Native American Jewelry History
Native American Indian Jewelry has been found in excavations of prehistoric ruins. Bead making is an ancient craft. Bead necklaces are often called heishe, from the Santo Domingo word for shell. Seashells are the most common material used for beads. Seashells used in Native American Jewelry are Spiny Oyster Shell, Mother of Pearl, Abalone, Conch and Clam. They have been important trade items in the Southwest for over 1,000 years.
Native American Jewelry using silver work is not an ancient art. It was learned from the Mexican Silversmiths in the 1850s. Mexican Silversmiths would trade their Silver Trinkets for cattle from the Navajo. This association would lead the Navajo Blacksmiths to learn the art of Silver making. Navajo sand casting is one of the oldest silver working techniques among the Navajo. The Navajo Indians traded their jewelry with Zuni Indians for livestock. One of the Navajo early silversmiths taught the Zuni the art of silversmithing around 1872. Later a Zuni silversmith taught the Hopi silversmithing around 1890. The Native American Artists never mined the silver used in making their jewelry.
Native American Indian Jewelry Styles
Each Native American Indian Tribe has their own unique style of jewelry making. Although over the years various artists from the Navajo, Zuni, Hopi and Santo Domingo have made jewelry that is not considered a style from their tribe.
The Zuni Indian Jewelry techniques include mosaic, channel inlay, cluster, needlepoint and petit point using a variety of stones and shells.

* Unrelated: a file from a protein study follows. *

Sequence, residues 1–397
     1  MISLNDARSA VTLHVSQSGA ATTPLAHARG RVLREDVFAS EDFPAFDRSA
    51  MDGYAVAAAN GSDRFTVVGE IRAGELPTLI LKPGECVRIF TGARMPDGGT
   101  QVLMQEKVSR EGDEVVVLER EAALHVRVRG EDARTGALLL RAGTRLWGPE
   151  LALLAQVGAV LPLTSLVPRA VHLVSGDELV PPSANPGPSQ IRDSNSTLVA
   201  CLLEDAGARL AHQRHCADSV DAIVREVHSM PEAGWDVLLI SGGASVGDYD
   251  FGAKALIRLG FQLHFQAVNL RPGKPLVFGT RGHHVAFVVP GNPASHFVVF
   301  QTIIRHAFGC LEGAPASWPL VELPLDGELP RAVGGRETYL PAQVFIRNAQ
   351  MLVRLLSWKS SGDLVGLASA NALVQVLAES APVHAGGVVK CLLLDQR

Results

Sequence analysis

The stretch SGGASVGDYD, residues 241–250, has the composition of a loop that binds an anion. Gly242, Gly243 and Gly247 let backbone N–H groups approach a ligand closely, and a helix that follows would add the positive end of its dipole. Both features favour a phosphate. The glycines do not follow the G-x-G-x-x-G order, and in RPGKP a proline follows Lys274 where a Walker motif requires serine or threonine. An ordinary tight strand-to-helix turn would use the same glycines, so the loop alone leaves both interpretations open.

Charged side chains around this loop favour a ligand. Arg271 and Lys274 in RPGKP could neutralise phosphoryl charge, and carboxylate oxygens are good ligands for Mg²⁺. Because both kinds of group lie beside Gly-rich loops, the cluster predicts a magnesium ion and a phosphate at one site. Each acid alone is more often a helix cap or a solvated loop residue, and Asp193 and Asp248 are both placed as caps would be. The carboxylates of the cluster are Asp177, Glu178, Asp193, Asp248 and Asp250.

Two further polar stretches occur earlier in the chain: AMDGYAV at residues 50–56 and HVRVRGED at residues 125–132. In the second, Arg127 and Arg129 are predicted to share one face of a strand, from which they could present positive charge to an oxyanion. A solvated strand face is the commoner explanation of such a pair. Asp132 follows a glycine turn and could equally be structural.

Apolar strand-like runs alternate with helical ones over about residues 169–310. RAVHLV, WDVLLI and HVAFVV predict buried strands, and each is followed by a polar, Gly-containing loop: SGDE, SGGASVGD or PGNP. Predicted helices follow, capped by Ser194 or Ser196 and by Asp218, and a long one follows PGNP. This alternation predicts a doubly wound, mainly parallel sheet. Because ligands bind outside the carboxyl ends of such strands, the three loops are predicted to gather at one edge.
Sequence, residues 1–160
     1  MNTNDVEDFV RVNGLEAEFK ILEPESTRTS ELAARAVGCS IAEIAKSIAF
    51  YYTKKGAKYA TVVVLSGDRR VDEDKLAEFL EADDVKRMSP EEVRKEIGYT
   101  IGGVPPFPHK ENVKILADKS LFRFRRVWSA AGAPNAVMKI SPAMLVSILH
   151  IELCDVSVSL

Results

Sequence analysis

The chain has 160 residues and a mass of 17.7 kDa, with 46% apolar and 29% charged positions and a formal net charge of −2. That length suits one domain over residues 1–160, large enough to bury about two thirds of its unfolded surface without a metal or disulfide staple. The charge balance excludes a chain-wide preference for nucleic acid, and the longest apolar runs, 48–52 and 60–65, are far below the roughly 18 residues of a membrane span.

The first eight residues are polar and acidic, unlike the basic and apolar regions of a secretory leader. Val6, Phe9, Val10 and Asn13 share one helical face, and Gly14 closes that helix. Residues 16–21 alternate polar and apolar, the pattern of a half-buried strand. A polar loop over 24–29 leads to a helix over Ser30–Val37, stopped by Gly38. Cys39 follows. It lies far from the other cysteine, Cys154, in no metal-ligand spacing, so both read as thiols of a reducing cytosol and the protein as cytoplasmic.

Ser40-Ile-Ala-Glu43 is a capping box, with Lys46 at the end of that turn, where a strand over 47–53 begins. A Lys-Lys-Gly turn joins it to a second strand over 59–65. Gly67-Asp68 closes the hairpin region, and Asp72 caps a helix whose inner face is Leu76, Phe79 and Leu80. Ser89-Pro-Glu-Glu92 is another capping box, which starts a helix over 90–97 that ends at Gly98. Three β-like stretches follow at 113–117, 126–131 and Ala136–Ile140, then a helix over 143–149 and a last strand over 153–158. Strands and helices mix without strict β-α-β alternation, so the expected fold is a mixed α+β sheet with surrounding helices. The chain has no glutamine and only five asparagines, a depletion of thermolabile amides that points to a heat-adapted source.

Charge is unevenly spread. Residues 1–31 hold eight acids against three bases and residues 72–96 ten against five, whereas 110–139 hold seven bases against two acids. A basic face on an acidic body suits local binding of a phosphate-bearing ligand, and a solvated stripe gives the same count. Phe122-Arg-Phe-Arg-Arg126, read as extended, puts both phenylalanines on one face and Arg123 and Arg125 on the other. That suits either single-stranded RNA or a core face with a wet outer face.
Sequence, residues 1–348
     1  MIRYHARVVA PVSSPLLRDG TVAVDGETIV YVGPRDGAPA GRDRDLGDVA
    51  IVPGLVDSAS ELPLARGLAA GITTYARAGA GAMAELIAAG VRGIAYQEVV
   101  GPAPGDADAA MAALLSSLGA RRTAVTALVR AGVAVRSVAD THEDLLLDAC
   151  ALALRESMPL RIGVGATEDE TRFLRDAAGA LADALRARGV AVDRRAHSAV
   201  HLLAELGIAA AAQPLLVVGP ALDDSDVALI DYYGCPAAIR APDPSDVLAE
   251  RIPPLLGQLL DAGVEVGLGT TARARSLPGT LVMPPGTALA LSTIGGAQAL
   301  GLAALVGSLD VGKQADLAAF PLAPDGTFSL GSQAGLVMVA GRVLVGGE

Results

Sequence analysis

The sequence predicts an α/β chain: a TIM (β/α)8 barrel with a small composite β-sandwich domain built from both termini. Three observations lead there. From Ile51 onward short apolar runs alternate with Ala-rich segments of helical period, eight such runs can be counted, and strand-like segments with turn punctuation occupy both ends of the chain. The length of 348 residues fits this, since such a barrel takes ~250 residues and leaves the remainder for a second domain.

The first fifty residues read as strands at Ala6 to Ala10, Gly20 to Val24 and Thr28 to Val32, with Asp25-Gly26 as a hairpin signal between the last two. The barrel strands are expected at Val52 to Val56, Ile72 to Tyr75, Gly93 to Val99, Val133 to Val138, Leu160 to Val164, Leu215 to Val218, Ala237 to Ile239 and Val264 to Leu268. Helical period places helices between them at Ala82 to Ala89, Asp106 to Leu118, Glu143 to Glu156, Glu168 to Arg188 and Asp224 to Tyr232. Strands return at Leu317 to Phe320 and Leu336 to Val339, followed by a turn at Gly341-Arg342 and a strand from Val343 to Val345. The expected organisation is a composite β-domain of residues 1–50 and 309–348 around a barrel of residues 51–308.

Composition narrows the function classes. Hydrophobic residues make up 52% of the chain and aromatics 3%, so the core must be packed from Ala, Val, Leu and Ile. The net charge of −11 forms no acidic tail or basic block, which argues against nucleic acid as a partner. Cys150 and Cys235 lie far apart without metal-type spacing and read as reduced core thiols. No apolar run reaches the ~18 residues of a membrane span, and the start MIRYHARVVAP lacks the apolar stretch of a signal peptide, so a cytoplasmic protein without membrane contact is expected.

The Navajo Indian Jewelry Artists are famous for their Squash Blossom Necklaces. Navajo Jewelry Artists use larger pieces of turquoise, coral and other stones surrounded by distinctive scrolls, beads and leaf patterns made of sterling silver. Navajo's are the largest producers of Native American jewelry.
The Hopi Indian Silversmiths use the overlay technique with infrequent use of stones in their jewelry. Making jewelry with the overlay technique involves sawing the design out of one sheet of silver and then overlaying it on a second sheet to which it is then sweated or soldered. The background is oxidized to darken it with the top layer of the jewelry polished.
The Santo Domingo Indians have been making bead jewelry since ancient times. They use Seashells, Turquoise, Jet and Coral in their jewelry. Our featured Santo Domingo Artists are members of the Palace of the Governors program located in Santa Fe, New Mexico. They are held to strict standards in making their jewelry such as Heishi beads must be cut, drilled and ground by hand. This is a painstaking process: a single necklace may require the fashioning of hundreds of tiny beads.
All of the Native American Indian Tribes use Sterling Silver in their jewelry. Sterling Silver is 92.5 percent silver and 7.5 percent copper. Silver is very soft so copper is added which makes it malleable.
The American Southwest is home to the various Native American Indian Tribes that make our beautiful jewelry.
The Navajo Indian Nation is located in the northern portion of Arizona and New Mexico. It is the largest reservation. The Hopi Indian Reservation is located in Arizona. The Santo Domingo Pueblo is located in New Mexico. The Zuni pueblo is located in New Mexico.
Native American Jewelry making skills are taught from one generation to the next. There are also a variety of schools to learn Native American Jewelry making skills. However, families take pride in continuing the traditions of artist excellence and a sense of pride in themselves and their culture.
In the beginning it was enough to know which tribe made the Native American Jewelry. Later Native American Jewelry Artists started marking their jewelry with their initials. The stamps used to mark the jewelry are handed down from one generation to the next so the initials may be their parents or grandparents.
By Donna Bunnell